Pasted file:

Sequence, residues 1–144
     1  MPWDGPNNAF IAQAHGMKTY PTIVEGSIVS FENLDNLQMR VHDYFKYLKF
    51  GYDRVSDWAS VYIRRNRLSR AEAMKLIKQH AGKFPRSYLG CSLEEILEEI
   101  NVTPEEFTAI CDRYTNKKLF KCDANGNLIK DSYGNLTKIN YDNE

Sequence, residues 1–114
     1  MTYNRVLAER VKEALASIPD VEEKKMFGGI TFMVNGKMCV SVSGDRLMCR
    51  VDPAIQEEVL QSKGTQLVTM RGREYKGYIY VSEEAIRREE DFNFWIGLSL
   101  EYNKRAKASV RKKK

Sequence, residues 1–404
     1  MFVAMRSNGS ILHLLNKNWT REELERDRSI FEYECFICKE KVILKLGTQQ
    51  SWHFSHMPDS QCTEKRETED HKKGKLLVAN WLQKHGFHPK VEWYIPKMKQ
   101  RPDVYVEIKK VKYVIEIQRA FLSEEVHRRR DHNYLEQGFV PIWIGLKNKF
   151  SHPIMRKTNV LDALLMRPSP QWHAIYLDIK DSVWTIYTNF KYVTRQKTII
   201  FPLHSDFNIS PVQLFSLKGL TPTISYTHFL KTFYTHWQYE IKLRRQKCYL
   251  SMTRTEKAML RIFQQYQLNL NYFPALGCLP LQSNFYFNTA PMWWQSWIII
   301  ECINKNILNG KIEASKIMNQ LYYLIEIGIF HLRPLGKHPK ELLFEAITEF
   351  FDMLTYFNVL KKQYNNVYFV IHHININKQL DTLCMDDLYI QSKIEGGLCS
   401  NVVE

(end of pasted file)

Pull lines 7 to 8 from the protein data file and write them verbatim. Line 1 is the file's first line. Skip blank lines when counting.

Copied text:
    51  VDPAIQEEVL QSKGTQLVTM RGREYKGYIY VSEEAIRREE DFNFWIGLSL
   101  EYNKRAKASV RKKK